The government has set up the Contact Bureau on Looted Art, which responds to claims regarding Nazi-looted art in public collections (the federal art collections, the National Museum and the National Library). The Bureau also relays claims regarding art held by other institutions or private parties to the relevant institution or person. It promotes an amicable resolution approach to such disputes with the aim of reaching a just and fair solution as promulgated by the 1998 Washington Principles on Nazi-Confiscated Art. Factors to be considered are the unequivocal determination of the artwork’s provenance and the multitude of solutions in respect of ownership and acknowledgment of the circumstances. In terms of the dispute resolution process, the Bureau either intervenes as an intermediary facilitator or refers to the UNESCO mediation and conciliation process, and to the International Council of Museums art and cultural heritage mediation.
The framework contract of the Swiss Museums Association provides that all fees resulting from the loan, including insurance costs, are borne by the borrowing institution. The property on loan must be insured for its full value as per the lender’s evaluation agreed by the borrower prior to its delivery. Moreover, the insurance must designate the lender as the beneficiary and cover all risks on a nail-to-nail basis, including transit, transport and storage. Regular insurance cover limitations for damage caused by events such as ordinary wear and tear, cleaning or restoration, war, terror, strikes, nuclear radiation, earthquakes or volcanic eruptions are permitted.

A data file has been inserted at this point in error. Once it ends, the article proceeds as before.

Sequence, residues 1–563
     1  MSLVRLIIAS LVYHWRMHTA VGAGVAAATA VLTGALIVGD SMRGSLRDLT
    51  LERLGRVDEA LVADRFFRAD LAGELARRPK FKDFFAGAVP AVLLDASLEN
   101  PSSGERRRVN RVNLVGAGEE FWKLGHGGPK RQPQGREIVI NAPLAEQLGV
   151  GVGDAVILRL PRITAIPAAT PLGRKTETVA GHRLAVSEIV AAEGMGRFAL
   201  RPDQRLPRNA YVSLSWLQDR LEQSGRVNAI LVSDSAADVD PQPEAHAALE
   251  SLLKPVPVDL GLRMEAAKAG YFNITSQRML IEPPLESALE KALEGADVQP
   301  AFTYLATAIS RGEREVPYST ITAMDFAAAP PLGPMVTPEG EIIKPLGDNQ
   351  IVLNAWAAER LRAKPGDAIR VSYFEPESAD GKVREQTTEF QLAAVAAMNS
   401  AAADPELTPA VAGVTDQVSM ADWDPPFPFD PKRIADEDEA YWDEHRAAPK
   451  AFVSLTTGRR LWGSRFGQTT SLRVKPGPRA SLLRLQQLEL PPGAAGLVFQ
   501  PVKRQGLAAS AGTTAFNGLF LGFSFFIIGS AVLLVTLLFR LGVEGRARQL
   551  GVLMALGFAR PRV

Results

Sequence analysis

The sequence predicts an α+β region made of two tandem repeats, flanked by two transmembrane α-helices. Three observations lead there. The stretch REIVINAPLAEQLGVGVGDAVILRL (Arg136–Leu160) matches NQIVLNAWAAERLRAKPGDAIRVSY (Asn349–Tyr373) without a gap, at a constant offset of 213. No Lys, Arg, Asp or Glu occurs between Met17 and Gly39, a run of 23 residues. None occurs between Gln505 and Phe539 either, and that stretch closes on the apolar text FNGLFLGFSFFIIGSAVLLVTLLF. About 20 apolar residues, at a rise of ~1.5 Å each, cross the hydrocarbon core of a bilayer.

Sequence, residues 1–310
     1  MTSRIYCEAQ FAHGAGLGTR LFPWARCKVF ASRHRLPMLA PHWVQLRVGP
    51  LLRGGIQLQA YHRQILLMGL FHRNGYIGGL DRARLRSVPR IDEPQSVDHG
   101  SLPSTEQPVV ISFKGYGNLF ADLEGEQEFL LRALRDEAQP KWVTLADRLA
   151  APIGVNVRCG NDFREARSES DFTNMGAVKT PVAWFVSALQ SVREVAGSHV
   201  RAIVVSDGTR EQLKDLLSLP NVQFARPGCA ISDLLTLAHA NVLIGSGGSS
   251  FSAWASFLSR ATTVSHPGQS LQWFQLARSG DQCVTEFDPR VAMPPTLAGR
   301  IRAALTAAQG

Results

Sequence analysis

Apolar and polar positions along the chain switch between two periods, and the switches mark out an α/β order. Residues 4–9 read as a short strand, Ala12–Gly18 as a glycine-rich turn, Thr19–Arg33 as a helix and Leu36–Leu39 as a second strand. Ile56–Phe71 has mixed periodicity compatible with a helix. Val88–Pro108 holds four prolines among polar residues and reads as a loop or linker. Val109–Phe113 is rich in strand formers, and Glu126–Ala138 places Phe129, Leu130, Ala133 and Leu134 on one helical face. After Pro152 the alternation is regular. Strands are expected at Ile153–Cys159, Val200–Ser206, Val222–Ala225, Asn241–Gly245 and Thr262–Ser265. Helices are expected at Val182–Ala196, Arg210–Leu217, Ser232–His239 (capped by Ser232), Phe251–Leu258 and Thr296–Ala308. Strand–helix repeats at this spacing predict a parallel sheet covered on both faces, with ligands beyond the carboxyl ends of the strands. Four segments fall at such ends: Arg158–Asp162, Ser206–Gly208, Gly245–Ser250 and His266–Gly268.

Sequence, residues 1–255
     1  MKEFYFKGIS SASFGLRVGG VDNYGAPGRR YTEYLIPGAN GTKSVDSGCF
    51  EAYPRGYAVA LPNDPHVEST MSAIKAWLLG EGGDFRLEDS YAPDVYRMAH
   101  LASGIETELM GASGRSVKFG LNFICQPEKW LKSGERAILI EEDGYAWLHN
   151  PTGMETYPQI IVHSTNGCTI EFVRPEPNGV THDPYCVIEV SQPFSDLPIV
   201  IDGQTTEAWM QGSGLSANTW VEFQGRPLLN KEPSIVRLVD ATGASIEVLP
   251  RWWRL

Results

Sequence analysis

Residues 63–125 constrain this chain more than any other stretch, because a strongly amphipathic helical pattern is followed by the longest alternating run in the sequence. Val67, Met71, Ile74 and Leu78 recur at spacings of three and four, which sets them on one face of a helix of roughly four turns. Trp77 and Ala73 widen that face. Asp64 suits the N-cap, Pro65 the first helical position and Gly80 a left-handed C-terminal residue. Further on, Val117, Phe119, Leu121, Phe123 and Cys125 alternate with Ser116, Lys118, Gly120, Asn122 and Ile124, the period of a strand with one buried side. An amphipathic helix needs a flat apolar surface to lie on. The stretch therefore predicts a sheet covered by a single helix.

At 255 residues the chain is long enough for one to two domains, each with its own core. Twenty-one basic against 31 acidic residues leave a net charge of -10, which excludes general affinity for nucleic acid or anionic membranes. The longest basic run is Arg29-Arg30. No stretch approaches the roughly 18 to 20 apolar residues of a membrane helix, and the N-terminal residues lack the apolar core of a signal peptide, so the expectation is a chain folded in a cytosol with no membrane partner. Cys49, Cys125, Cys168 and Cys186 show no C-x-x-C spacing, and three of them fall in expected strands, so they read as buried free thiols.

The CPTA provides for an anti-seizure regime regarding cultural property on temporary loan from a 1970 UNESCO Convention contracting state for an exhibition in a museum or other cultural institute in Switzerland (articles 10-13, CPTA). The art must qualify as cultural property according to the 1970 UNESCO Convention and be the subject of a loan agreement for a temporary exhibition. The loan agreement must stipulate that the cultural property will be returned to its country of origin following the conclusion of the exhibition. The lender may be either a private or a public institution, or an individual. The borrower must be a museum or any other cultural institution in Switzerland that has a collection open to the public. To obtain such a return guarantee, the borrowing institution must file a request with the Specialised Body to issue a return guarantee to the lender for the period of the exhibition. The application must be submitted at least three months prior to the intended import date of the cultural property into Switzerland together with a copy of the loan agreement.